The Supreme Court rejected this argument. There was no good reason to "look behind the enactment of the 1946 Act, and a real risk of breaching parliamentary privilege if one does. As already stated, it is not suggested here that the 2000 Order overrides anyone's fundamental human rights or is otherwise ultra vires the order-making power conferred by the 1946 Act....Obviously it was envisaged that the order-making power would ordinarily need to be exercised speedily. But that is a far cry from saying that it was Parliament's clear intention to confine it to urgent use". After reviewing the history of Iraqi sanctions, the Supreme Court concluded that Security Council resolutions are not one-off measures requiring immediate implementation by member states. Situations can develop in the course of their subsequent enforcement which call for further measures to be taken, sometimes with considerable urgency, to meet emerging problems and the court should not stultify the power conferred by the 1946 Act "by confining its exercise within an artificially restricted time-frame".

CMCS v Taylor

Application for wasted costs order/duties of solicitors in relation to disclosure

The winning defendant to an action applied for a wasted costs order against the claimant's solicitors. It was alleged that they had breached their duty to supervise the redaction of certain documents which were disclosed by their client and that, had they not breached this duty, they would have come off the record, thus forcing the claimant to abandon his claim at an earlier stage.

Briggs J agreed that it is a solicitor's duty to supervise the entire disclosure process, including the redaction of disclosable documents. He agreed with the authors Mathhews and Malek that "where the solicitor knows that his client has concealed relevant documents with a view to their not being disclosed, the solicitor must not act so as to suggest that full disclosure has been or will be given, and this may lead to his ceasing to act". Redaction can be carried out on 4 grounds: (1) the redacted material is irrelevant; (2) the redacted material is privileged; (3) a party has a duty to withhold inspection of the redacted part; and (4) the party giving disclosure asserts that it would be disproportionate for him to have to do so. In this case, the claimant sought to rely on the third ground (namely, Swiss law obligations of confidence).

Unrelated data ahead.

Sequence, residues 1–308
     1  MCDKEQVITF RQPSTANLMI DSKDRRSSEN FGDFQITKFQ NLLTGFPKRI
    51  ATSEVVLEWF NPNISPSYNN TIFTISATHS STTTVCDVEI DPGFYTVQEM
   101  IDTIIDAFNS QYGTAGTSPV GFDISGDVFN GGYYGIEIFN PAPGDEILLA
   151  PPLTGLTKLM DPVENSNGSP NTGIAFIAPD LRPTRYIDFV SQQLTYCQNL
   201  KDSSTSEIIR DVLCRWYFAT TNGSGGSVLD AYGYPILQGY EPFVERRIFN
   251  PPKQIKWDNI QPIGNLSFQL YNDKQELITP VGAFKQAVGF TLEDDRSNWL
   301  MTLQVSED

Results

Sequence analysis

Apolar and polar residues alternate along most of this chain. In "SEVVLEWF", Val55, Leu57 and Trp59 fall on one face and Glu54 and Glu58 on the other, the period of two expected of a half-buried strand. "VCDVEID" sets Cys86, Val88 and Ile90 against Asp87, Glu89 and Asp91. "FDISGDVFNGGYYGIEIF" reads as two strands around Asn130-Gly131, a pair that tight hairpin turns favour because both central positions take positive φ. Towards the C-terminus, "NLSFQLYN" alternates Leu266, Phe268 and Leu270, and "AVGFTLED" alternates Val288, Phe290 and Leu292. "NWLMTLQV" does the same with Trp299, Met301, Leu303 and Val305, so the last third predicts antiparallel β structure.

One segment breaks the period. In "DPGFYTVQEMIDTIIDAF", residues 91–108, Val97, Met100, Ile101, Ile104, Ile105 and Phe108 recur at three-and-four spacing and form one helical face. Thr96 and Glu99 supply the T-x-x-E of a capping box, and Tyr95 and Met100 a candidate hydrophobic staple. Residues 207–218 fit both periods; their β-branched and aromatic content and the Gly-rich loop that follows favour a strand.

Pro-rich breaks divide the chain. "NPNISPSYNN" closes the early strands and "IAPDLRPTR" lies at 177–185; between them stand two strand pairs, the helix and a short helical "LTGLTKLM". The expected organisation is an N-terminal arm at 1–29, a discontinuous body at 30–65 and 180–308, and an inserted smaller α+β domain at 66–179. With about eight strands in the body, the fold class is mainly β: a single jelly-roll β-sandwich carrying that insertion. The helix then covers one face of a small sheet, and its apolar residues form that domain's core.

Briggs J accepted that the solicitors had breached their duties in "failing to supervise the redaction of that document without either making a full disclosure of the circumstances to [the defendant], or ceasing to act". However, he went on to find that the defendant had not been misled by the inadequacy of the disclosure: "The reality is, in my judgment, that the redactions ....cried out for challenge".

Bayat Telephone Systems & Ors v Cecil & Ors

Whether judge erred in allowing extension of time to serve the claim form

The defendants appealed against an order granting the claimants an extension of time to serve the claim form. The delay in service had been caused by the difficulties which the claimants had faced in funding the proceedings in England (having spent a large amount in pursuing earlier proceedings in the US). The claimants applied for an extension before the expiry of the 4 months deadline for service and this was granted. However, the Court of Appeal has now allowed the defendants' appeal from that decision. Burnton LJ held that it "was not for the Claimants unilaterally to decide to postpone service of their claim form. They should have served it in the period of its initial validity, and, if they were not in a financial position to proceed immediately with the claim, they should have issued an application seeking a stay, or an extension of the time for procedural steps to be taken". Although it might not have been viable for the claimants to take proceedings to trial without the benefit of a CFA or ATE insurance, they could still have commenced and served proceedings before funding had been finalised. Rix LJ added that it is only if a good reason can be shown to extend the time for service that the "balance of hardship" test could arise.